By using microprocessor intelligence and network-based data exchange, data and commands can efficiently be transmitted in both directions between various systems—and even between multiple points within each system—over just one or two pairs of cable. This opens up a variety of opportunities for expanding or fine-tuning the control of system components without the complexity and costs associated with additional contacts, relays and monitor zones. It also allows centralized monitoring. Multiple systems connected in this way are often said to be integrated .
The term integrate can be defined as to make into a whole by bringing all parts together . To an extent, systems are considered as integrated when they share a common platform and protocol over which they can communicate “bi-directionally” with each other. With fire-alarm and security systems, this platform typically consists of a copper or fiber-optic cable backbone network.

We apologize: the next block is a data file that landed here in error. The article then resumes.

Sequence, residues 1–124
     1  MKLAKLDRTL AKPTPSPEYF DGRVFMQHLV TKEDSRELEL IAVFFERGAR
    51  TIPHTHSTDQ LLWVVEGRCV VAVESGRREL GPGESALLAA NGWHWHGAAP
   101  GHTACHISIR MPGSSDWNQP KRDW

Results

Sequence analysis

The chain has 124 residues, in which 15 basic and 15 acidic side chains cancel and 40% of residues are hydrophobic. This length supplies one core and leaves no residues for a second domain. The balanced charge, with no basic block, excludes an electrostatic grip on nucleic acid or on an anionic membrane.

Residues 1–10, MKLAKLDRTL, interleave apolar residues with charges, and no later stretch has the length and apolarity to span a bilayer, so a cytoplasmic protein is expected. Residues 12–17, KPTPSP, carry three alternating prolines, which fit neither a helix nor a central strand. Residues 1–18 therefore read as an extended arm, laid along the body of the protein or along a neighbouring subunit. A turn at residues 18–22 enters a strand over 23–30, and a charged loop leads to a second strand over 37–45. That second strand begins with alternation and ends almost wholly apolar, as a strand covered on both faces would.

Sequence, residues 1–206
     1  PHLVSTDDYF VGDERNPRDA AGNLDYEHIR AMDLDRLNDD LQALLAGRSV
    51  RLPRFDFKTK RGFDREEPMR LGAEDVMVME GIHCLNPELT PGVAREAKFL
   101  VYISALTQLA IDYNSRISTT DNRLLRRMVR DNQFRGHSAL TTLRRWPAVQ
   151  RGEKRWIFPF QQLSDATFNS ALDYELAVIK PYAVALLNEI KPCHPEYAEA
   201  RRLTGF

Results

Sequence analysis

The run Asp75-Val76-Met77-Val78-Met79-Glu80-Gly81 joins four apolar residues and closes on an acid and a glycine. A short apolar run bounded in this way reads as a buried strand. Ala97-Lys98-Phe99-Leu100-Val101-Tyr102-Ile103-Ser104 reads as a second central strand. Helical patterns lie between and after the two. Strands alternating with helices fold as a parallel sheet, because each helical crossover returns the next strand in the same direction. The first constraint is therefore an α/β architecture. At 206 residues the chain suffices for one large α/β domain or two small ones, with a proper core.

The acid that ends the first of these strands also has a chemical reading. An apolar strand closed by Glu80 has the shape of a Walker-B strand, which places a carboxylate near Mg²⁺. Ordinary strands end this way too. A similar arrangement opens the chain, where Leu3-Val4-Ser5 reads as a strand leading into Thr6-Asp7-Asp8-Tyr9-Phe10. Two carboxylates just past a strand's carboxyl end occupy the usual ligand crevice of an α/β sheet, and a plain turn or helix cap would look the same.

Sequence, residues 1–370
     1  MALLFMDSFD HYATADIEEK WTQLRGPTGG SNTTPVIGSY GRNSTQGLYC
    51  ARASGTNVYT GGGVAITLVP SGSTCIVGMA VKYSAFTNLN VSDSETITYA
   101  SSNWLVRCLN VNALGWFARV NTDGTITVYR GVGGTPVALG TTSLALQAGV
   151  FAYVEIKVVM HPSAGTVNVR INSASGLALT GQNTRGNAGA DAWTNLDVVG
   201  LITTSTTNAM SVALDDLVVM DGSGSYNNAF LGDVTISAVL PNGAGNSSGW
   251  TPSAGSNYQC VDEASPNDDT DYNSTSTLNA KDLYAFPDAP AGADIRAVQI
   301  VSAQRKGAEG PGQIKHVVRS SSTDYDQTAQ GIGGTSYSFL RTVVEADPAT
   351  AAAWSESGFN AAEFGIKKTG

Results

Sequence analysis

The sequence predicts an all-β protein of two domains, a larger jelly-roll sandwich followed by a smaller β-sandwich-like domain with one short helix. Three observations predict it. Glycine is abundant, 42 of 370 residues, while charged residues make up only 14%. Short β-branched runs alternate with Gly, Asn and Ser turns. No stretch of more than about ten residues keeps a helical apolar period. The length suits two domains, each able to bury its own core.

Once interconnected by the backbone, the various systems must be able to communicate using a common language and an established protocol for organizing the multidirectional flow of language. In order to achieve full integration, however, these systems must be unified by a central user interface and information processing unit, typically a front-end PC operating an integration software program similar to building-automation systems (See “Fire, Security and BAS,” p. 45).
Whereas traditional hard-wired systems were limited in the flexibility and selectivity of door-lock control, addressable systems greatly facilitate the targeted control of individual doors or groups of doors. This is typically accomplished by providing an addressable fire-alarm control module for a specific door or for an ACP controlling a group of doors (see Figure 2, above). A major benefit of this selectivity is that areas of the building, unaffected by the fire-alarm condition, may remain in their secured mode. As a result, this application is most often seen in airports, manufacturing facilities and other installations containing multiple secured areas (see “Early Road to Integration,” p. 47).